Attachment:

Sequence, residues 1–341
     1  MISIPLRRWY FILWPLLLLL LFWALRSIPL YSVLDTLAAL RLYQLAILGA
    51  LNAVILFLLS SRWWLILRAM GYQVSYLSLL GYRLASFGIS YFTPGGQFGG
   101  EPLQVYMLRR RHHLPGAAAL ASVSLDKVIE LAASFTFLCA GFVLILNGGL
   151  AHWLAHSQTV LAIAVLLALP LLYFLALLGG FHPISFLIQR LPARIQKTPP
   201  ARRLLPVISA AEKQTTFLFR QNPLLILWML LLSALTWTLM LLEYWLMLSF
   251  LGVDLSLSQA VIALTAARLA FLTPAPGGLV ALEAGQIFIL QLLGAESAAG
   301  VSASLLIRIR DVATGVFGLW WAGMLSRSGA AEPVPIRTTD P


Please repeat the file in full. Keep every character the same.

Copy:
Sequence, residues 1–341
     1  MISIPLRRWY FILWPLLLLL LFWALRSIPL YSVLDTLAAL RLYQLAILGA
    51  LNAVILFLLS SRWWLILRAM GYQVSYLSLL GYRLASFGIS YFTPGGQFGG
   101  EPLQVYMLRR RHHLPGAAAL ASVSLDKVIE LAASFTFLCA GFVLILNGGL
   151  AHWLAHSQTV LAIAVLLALP LLYFLALLGG FHPISFLIQR LPARIQKTPP
   201  ARRLLPVISA AEKQTTFLFR QNPLLILWML LLSALTWTLM LLEYWLMLSF
   251  LGVDLSLSQA VIALTAARLA FLTPAPGGLV ALEAGQIFIL QLLGAESAAG
   301  VSASLLIRIR DVATGVFGLW WAGMLSRSGA AEPVPIRTTD P